New Posts  All Forums:Forum Nav:

MA The Perfect Parallel - Page 2

post #31 of 45
that's a great image bob! i like the view from above...did you create that yourself? sorry for being off topic a bit.

zentune
post #32 of 45

Actually Zen, I was hoping to read your description of a perfect parallel turn. Give it a go. As a racer I am curious how you would see that idea.

post #33 of 45
allright Jasp, i'll give it a go. for me, a perfect paralell has a little "zesty" flavor to it. One reason i like bob's diagram is that, from an above view, it shows the bos and com crossing paths...body angulated over the outside ski(s) with turn transition clearly shown.

My perfect turn (and my favorite to see others perform) would be a short to medium radius turn, with a little more counter than seen in bobs diagram. weighting changes would be continual. also, i like to see pressuring of the front of the boots at iniation...via a pronounced (not "sudden", tho;)) forward movement of the hips and a foraganal movement of the com/body down the fall line,"leading the skis", which BTW, is the movement by which i would like to see facilitate the edge change. as the skis come around, angulation and counter increase until turn shape is completed. as weight moves towards 50/50 a brief squaring should occur.
xtra credit points awarded for some foot steering through the arc...
also, every thing should line up. inside hand ahead of outside by more or less the same amount that the inside boot is ahead of the outside (when not squaring, of course) ski tips, knees, hips, shoulders, hands match the angle of the slope no matter what part of the turn the skier is engaged in.
from an artistic standpoint, i prefer a crossover type move as opposed to an under...tho some intermingling can,and should occur. as you know, i'm NOT a fan of following the skis--remaining square all the time. i mean, sure it works, but frankly it's a little too dull.
back at work, gotta go...

zentune
post #34 of 45
i do realize that such may not be apropo for a level 2/3 exam. ive never taken one...not sure if they want to see that or not...

respectfully
zentune
post #35 of 45
Zentune--thanks for adding to the conversation!

For what it's worth, I would not think that anything you've described would be in fundamental conflict either with my diagram, or with the requirements of lower-speed ("basic parallel") demos or the Level 2 exam (with the possible exception of a need to clarify, at least, what you mean by "forward" and "foragonal motion"--topics much discussed here in other threads and an area that I feel is subject to a great deal of confusion, mythology, semi-truth, and sometimes downright falsehood).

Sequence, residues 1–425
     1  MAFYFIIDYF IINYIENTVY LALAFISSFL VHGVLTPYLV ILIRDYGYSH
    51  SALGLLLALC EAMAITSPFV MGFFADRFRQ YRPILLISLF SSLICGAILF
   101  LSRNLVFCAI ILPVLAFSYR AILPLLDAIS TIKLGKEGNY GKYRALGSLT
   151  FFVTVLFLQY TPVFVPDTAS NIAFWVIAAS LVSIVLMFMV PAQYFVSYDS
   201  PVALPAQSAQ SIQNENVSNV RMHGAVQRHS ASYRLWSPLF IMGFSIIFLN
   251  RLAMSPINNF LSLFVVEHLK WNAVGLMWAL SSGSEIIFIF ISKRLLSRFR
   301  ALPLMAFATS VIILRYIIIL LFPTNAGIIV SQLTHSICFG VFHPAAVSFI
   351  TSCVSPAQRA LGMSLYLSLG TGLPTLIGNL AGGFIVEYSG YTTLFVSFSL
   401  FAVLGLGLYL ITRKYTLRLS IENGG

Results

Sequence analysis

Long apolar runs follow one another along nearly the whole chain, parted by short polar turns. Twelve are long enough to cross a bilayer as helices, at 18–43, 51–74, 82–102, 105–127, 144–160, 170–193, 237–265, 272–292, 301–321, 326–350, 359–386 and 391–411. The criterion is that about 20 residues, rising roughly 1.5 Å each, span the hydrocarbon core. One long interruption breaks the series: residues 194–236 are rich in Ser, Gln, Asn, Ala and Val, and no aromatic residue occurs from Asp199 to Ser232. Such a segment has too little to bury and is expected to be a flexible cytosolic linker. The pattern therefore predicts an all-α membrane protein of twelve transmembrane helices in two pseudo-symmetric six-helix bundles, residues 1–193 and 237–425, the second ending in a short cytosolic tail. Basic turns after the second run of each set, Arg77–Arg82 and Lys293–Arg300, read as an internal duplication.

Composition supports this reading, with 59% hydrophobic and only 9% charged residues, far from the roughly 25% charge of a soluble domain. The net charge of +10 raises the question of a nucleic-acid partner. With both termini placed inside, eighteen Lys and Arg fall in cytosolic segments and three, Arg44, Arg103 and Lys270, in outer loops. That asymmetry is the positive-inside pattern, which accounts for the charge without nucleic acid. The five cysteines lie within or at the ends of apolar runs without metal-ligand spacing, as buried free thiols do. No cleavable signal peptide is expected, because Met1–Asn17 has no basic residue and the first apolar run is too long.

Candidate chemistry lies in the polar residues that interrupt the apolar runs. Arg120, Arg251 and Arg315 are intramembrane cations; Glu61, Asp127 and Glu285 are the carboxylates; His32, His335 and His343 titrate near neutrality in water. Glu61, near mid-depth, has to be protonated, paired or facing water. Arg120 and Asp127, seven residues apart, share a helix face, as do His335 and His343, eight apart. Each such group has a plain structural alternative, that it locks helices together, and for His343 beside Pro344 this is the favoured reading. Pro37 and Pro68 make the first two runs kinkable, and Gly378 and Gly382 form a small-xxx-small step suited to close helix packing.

Characteristics like range and intensity of motion and degree of counter will vary with speed, skill level, conditions, turn radius and shape, and terrain, but the fundamental principles can remain identical.

Thanks again, everyone, for your participation here. I look forward to more!

Best regards,
Bob
post #36 of 45
thanks, Bob. hips need to move forward over the boots to initiate (pressure the tips) foraganal as in body moves diagonally into the fall line, rolling the skis onto their new edges (new outside in some cases still "uphill"). this would be for getting earliest pressure possible at the top of the turn for a crisp turn shape.

zentune
post #37 of 45
OK, Zen--thanks for the clarification. Still fodder for a good discussion. (That is to say, we may disagree on some points.) cool.gif

If you have some time, you may want to read up on a few prior discussions on the topic. Here are some of them:

Reconciling Foot Squirt™ with Foragonal movements

A Tale of Three Turns

Is this aft?

Where do we want our hips over our feet? Why do we want to move our hips forward?

Short Radius Turns (article, distilled from a discussion thread)

... and check out the following clip I put together about the turn transition, which may call into question the need for "forward pressure" and hips "in front" of feet at the turn initiation:




Hint #1: Which direction, really, is "forward"? I can think of many possibilities, only one of which would I agree is necessarily true of the direction the hips or center of mass must move at the start of a turn: 1) direction the skis point, 2) direction the body faces, 3) direction the skis are moving, 4) direction the body is moving, 5) down the hill, and more....

Hint #2: When the body or center of mass moves diagonally forward and down the hill, or "forwagonally," what are the feet doing? Remember that, since they take a necessarily longer path down the hill than the body, their path outside the path of the body with the paths crossing at "turn neutral," the feet move faster than the rest of the body. One obvious characteristic of great skiers--especially racers--is that their fast-moving feet never slow down through the transition. Observe this often-discussed clip of Marcel Hirscher training slalom:



Hint #3: I contend that turns begin with an edge release--not an edge engagement, of the tips or otherwise. Clearly, Hirscher's turns above rarely show edge engagement until well into the turn--often not until at or near the fall line.

Good stuff for discussion! (But perhaps in another thread--let's not take this one too far off the track.)

Best regards,
Bob
post #38 of 45